DBS says Singapore recession 'inevitable'; expects 2nd stimulus package of $14-16 billion

SINGAPORE – A recession in Singapore appears “inevitable”, said DBS Bank as it now sees the economy shrinking by 0.5 per cent this year, instead of the 0.9 per cent growth it forecast last month.

This downgraded forecast still comes with significant downside risks should the coronavirus outbreak worsen further, DBS Bank economist Irvin Seah said in a research note on Thursday (March 19).

He also expects total retrenchments for the year to reach about 24,500, slightly above the 23,430 in 2009 during the Global Financial Crisis.

“Considering the chaotic situation in many parts of the world and the economic costs of those restrictive measures on trade, investment, consumption and travel, this is evolving into a ‘self-induced’ global recession. Being a small and open economy, Singapore will not be spared,” he said.

Mr Seah said a second stimulus package of up to $14 billion to $16 billion could be rolled out, funded by the remaining Budget surplus for this term of Government of about $7.7 billion and an additional $6 billion to $8 billion from the reserves.

A $4 billion Stabilisation and Support Package was announced during the Budget statement last month (Feb).

He also expects the Monetary Authority of Singapore to take a more aggressive monetary response amid falling inflation and the significant downside risk to growth.

“Specifically, we expect MAS to end the modest and gradual appreciation path of the SGD NEER (nominal effective exchange rate) policy band, and introduce a downward re-centring of the band by up to 2 per cent. In fact, an announcement before the next scheduled policy meeting around mid-April should not come as a surprise given the urgency of the matter,” he said.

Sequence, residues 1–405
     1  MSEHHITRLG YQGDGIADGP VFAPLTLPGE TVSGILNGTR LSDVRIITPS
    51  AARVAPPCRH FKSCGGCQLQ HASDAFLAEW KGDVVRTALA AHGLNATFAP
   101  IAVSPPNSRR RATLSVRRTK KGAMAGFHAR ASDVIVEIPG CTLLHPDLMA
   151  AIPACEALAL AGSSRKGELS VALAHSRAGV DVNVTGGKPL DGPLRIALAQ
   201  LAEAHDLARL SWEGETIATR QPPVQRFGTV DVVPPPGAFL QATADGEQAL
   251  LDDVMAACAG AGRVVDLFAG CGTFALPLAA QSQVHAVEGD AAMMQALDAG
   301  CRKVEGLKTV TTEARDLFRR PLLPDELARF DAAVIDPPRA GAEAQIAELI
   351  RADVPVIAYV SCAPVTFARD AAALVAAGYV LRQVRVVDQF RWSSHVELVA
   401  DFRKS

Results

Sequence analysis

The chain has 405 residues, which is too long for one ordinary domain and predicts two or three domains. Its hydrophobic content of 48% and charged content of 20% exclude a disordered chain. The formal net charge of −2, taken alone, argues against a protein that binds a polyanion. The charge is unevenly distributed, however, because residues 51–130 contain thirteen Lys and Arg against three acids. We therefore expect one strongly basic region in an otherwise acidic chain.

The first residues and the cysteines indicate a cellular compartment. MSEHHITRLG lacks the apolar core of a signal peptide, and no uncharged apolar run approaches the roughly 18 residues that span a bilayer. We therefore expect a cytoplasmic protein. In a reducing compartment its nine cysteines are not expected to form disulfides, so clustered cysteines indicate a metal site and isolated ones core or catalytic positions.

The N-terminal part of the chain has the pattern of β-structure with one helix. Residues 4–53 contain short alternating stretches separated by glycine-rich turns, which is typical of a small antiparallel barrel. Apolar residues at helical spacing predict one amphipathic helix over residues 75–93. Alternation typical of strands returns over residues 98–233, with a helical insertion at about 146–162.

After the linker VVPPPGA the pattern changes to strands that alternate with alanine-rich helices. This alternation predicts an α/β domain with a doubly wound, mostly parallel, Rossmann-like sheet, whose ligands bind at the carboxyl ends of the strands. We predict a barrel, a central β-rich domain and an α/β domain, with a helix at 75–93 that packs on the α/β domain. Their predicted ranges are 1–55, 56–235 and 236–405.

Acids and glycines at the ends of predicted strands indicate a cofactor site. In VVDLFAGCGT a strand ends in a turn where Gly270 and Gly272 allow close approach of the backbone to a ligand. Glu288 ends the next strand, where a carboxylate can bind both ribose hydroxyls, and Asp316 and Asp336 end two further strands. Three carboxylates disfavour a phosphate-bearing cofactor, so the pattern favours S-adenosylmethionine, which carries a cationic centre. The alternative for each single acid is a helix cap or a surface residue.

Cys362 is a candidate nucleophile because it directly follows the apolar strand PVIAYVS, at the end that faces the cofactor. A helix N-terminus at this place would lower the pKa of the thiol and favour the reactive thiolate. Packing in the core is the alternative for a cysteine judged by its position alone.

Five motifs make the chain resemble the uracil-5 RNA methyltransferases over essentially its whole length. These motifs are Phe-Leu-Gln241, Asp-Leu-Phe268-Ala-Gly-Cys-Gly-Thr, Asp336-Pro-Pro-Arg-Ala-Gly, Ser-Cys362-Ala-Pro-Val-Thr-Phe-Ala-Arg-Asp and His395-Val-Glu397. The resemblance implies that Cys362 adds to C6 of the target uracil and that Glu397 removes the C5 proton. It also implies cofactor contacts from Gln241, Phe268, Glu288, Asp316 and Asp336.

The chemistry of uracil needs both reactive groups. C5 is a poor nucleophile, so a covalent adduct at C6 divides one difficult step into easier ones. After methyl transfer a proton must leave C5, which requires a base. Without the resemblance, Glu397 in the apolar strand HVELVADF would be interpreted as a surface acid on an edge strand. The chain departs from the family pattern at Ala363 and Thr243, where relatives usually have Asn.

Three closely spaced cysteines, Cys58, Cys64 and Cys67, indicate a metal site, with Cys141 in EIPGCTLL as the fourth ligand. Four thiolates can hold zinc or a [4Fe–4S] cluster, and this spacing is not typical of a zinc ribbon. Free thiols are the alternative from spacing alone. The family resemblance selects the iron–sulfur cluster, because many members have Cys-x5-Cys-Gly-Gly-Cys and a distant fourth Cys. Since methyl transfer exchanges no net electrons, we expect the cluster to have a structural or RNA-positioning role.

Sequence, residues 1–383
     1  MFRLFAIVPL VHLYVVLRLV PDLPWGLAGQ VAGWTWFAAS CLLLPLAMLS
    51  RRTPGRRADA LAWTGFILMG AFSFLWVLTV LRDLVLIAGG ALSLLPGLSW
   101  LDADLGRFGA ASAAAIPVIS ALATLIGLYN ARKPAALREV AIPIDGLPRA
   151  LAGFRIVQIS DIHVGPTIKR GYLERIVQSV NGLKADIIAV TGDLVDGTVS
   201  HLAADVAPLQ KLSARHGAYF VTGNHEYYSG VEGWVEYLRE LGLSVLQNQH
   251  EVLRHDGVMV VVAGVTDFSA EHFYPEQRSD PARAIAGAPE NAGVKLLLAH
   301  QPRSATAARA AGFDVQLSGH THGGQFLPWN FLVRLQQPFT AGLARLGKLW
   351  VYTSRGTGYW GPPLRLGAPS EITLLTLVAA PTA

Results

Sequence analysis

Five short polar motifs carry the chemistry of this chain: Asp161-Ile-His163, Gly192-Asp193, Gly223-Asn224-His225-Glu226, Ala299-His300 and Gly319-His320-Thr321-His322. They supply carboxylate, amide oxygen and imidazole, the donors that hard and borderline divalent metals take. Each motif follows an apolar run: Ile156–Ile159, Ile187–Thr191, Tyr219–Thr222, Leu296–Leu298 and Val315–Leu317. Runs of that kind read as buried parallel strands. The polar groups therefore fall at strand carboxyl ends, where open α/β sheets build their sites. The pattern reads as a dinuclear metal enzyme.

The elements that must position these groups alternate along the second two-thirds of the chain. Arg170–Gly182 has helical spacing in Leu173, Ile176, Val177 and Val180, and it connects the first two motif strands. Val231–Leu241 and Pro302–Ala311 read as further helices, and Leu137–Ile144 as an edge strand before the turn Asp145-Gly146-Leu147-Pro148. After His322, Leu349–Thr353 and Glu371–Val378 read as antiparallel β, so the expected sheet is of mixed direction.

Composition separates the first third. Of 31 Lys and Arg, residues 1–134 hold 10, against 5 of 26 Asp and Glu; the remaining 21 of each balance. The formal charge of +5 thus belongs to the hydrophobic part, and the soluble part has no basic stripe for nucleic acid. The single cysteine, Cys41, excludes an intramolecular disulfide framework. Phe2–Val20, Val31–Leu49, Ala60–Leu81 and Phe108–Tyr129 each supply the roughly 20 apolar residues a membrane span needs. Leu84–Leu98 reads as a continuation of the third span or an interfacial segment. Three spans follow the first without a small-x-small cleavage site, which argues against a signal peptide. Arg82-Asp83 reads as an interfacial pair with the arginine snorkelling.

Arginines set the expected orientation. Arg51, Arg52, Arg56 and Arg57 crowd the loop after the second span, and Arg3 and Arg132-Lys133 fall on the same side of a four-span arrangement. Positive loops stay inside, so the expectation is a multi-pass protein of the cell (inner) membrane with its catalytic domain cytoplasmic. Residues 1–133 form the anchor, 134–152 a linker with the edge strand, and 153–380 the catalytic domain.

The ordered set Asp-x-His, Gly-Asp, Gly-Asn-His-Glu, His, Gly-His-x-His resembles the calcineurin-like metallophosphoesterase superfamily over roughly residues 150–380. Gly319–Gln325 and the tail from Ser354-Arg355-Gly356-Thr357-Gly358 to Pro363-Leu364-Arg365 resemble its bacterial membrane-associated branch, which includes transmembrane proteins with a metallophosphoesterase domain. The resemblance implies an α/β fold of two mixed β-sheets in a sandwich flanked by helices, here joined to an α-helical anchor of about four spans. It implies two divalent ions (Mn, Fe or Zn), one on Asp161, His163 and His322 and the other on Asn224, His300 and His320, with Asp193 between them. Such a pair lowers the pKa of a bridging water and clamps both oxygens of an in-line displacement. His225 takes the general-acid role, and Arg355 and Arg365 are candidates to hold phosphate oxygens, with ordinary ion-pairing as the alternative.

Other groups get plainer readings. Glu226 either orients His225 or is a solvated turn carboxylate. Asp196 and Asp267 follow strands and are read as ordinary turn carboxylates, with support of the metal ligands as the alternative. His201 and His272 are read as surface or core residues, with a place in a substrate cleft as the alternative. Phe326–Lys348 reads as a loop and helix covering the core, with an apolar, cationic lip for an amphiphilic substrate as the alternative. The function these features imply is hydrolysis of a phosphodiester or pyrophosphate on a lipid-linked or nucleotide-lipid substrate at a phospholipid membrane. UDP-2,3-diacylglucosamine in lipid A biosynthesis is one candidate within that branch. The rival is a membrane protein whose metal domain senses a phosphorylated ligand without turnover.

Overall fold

Mr Seah said that e expects year-on-year contractions of up to 2 percentage points for the first two quarters of the year – which would be a technical recession – and negative growth in the third quarter before an improvement at the end of the year.

He noted that this comes after the bank revised Singapore’s GDP growth forecast down to 0.9 per cent on Feb 7. But back then, the Covid-19 outbreak was still largely contained within China, with only pockets of infection elsewhere.

The situation has deteriorated sharply since then, with the number of infections in other parts of the world multiplying by more than 400 times, he said.

Also, travel restrictions imposed by Singapore have been broadened beyond China to cover markets accounting for about 69 per cent of Singapore’s total tourist arrivals last year (2019), he said.

These include South Korea, Britain, Japan, France and Asean countries.

As such, the services sector – particular tourism-related industries such as hotels and restaurants, aviation, point-to-point transport services, retail and entertainments services will be severely impacted.

A sharp contraction in global demand would also put a dent on the near-term prospects for Singapore’s exports and the manufacturing sector, said Mr Seah, adding that global economic activity will slow significantly as governments around the world have introduced city- and country-wide lockdowns and border closures, and companies have put in place business continuity plans.

He said that Singapore’s downturn this year will be a lot deeper than that during the severe acute respiratory syndrome outbreak in 2003, and more painful than the Global Financial Crisis in 2009.

In these two downturns, Singapore still managed to post GDP growth of 4.5 per cent and 0.1 per cent respectively, he said.

He noted that the previous occasions when Singapore saw full year contractions were during the Dot.com Bust in 2001 (-1.1 per cent), the Asian Financial Crisis in 1999 (-2.2 per cent) and the manufacturing recession in 1985 (-0.6 per cent).

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